4th of July Association continues proud tradition
From left, Bob Stensby of Northbrook donates to the bucket brigade of Jody Kenzer, Sharon Latek and Shari Bergstein for the Northbrook 4th of July Association. | Karie Angell Luc~for Sun-Times Media
Fourth of July schedule
• 7 to 11 a.m.: Pancakes in the Park and music by the New Tradition Chorus, Village Green, 1810 Walters Ave.
• 7:30 a.m.: The Liberty Loop 5K Run/Walk, Techny Prairie Park and Fields, 1750 Techny Road.
• 10 a.m.: Annual Softball Game, police versus firefighters, Village Green Park
• 2 p.m.: Decorated Bicycle Parade, with the best dressed bikes winning prizes, Cherry and Western, follows Independence Day parade route (see below)
• 2:30 p.m.: Independence Day Parade — from the corner of Cherry Lane and Western Avenue, east then southeast on Cherry to Shermer, then southwest on Shermer to Meadow Road.
• Dusk: Fireworks at Meadowhill Park, 1475 Maple Ave.
Updated: July 29, 2012 6:52AM
The Northbrook 4th of July Association, which has been preparing for the upcoming holiday since January, is down to the final details.
The organization, a non-profit corporation since June 20, 1968, has a lot to do, because it operates completely on volunteer power and donations.
“We are getting really close and this is the big push, when we put it all together. We are finalizing all the parade applications, as well as staging the parade soon,” said Sharon Latek, a co-chair for the event.
The entire association has been meeting twice a month, but Latek and Shari Bergstein, the other co-chair, also have been meeting with committees, whose members total only 15 to 20, at least once a week.
“Thats why we’re the co-chairs overseeing all the committees. We get it done,” Bergstein said.
“Some of the people on the committees have been doing this more than 20 years. They’ve dedicated themselves to this community holiday and they have been amazing,” Latek added.
Now that the holiday is only days away, the association is trying to raise the final funds needed to make the all-day celebration a reality.
So the volunteers are selling $35 BoosterShot Checkbook coupon books offering more than $400 in local savings at various locations throughout the village.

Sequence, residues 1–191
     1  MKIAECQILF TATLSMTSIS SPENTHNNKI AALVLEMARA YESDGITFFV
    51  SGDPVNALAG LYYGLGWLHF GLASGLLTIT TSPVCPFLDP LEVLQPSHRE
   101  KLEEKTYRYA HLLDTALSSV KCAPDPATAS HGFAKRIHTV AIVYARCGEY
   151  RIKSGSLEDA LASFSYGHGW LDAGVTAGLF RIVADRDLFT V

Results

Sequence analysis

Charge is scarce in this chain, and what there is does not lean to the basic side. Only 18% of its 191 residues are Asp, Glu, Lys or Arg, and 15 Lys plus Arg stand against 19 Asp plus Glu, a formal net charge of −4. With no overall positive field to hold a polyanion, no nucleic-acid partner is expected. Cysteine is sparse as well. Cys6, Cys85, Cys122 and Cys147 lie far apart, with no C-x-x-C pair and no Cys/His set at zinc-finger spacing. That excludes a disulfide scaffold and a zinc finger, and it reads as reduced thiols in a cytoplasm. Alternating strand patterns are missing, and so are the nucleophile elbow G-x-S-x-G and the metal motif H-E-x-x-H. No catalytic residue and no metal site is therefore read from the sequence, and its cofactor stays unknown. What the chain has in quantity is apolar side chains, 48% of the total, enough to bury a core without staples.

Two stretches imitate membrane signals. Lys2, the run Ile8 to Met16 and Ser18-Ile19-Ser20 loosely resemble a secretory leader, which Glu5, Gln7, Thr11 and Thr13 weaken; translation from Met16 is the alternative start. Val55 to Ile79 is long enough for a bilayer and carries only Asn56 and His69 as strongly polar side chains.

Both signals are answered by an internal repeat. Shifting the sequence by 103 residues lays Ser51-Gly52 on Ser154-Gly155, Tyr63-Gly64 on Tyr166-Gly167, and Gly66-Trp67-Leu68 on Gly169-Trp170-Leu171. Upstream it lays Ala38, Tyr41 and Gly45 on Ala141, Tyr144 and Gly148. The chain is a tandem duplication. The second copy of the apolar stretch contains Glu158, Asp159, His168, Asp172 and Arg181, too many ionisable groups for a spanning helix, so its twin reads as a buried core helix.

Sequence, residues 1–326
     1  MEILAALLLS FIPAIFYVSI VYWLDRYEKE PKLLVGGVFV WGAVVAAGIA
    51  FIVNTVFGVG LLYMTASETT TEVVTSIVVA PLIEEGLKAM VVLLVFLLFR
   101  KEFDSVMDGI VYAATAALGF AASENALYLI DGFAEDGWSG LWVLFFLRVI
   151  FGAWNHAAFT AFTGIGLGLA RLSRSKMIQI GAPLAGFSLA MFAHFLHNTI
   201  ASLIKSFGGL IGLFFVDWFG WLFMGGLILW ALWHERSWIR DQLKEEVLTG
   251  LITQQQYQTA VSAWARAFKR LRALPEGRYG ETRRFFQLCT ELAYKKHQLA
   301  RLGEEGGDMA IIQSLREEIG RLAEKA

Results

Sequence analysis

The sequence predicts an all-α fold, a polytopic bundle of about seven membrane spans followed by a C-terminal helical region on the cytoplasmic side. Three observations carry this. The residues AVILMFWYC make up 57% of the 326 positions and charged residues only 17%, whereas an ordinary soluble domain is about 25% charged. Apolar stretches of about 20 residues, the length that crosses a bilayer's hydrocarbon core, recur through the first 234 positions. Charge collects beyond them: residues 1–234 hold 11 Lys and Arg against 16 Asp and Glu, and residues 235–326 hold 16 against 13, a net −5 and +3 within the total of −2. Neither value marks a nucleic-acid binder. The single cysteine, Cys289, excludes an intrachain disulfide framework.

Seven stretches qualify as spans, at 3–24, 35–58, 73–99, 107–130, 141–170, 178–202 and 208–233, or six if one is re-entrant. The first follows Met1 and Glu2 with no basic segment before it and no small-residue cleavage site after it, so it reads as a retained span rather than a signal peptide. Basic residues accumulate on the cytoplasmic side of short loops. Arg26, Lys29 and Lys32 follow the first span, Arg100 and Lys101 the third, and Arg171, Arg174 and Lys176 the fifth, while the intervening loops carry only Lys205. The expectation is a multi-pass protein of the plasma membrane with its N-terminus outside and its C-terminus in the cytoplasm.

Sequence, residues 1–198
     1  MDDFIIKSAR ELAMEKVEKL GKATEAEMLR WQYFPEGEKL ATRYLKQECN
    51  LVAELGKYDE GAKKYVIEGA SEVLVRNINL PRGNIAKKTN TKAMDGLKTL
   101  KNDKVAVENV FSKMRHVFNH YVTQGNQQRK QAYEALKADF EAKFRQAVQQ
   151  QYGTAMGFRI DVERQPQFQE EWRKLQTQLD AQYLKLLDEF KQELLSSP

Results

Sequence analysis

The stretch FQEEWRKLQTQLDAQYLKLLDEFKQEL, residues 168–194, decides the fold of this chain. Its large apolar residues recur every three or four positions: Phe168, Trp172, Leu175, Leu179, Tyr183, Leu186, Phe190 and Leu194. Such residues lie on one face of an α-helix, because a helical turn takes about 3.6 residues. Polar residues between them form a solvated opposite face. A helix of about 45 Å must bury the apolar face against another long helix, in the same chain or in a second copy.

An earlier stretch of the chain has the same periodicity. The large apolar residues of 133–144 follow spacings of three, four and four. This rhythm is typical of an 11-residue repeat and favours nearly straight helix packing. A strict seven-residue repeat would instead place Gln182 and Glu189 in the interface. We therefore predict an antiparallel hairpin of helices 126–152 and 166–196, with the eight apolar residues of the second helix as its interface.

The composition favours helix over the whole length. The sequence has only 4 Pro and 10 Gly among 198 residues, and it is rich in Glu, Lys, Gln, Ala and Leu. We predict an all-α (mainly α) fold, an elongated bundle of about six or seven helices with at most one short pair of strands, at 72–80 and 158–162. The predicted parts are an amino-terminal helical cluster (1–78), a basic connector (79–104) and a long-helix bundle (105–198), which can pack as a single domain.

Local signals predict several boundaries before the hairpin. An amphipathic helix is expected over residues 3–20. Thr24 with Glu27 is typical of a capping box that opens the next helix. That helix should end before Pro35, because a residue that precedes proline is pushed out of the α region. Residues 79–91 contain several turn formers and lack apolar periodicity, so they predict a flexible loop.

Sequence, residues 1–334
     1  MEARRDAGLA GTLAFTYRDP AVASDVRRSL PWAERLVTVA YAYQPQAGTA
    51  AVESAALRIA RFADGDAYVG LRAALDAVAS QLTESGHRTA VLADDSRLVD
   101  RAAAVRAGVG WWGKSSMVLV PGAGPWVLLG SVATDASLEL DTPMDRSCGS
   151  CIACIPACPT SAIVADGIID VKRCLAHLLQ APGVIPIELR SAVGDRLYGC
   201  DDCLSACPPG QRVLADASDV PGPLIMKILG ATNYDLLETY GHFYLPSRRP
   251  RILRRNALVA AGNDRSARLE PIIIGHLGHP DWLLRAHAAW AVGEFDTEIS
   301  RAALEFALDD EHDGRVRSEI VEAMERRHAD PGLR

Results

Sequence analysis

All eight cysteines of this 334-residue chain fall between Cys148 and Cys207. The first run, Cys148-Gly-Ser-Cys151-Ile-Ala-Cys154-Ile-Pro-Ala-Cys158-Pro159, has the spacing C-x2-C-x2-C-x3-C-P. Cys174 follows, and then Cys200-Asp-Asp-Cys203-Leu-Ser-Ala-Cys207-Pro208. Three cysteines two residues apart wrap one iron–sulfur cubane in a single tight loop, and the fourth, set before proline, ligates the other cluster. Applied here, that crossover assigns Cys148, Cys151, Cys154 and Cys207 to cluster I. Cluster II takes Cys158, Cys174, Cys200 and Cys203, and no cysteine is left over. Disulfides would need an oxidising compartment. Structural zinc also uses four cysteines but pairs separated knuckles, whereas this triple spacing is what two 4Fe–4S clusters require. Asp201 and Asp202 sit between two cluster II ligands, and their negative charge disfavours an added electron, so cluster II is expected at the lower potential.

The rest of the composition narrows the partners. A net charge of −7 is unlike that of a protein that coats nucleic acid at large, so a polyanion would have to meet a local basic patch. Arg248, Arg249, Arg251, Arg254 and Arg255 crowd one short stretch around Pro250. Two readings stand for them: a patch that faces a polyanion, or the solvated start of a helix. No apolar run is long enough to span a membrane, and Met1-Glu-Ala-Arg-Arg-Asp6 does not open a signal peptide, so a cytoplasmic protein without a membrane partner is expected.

“It costs $55,000 for us to put the event on. We are getting $20,000 from the village and the Northbrook Civic Foundation gives us $5,000,” Bergstein said.
“Most of the money collected goes to pay for the fireworks, which cost $20,000 this year. So we will be out ‘canning’ for more donations,” Bergstein said.
“Sunset Foods donates in-kind donations throughout the day, and the Northbrook Park District contributes a lot.”
However, Northbrook’s celebration of Independence Day wasn’t always so big or so popular. Several decades ago The parades were small and not well attended.
But in 1966, residents found a new way to celebrate that made national news.
According to a 1966 newspaper story, the parade that was held in 1949 drew only 150 spectators, but the parade held that year drew more than 10 times that number of marchers alone.
That was the year that participants from the Park District, YMCA, scouting, civic and neighborhood groups carried 1,000 transistor radios as they left Greenbriar School on their way to the Village Green with their radios tuned to a local radio station playing patriotic music.
The parade without bands, which was planned by Kenneth Thiel, then the North Suburban YMCA General Secretary, drew about 22,000 spectators.
It was featured on WMAQ-TV news with Floyd Kalber, on the national NBC Huntley Brinkley Report on July 4, 1966, and on The Today Show the following morning. The parade was such a success it was repeated in 1967.
A fireworks program had begun in 1956 when the Northbrook Jaycees planned and ran it, but the 11th and last fireworks show sponsored by the group was held in 1967.
In 1968, the Association planned the parade and took over the fireworks program.
Breakfast in the Park was added as part of the Bicentennial festivities in 1976. Since then, the breakfast has become a tradition for thousands of Northbrook families.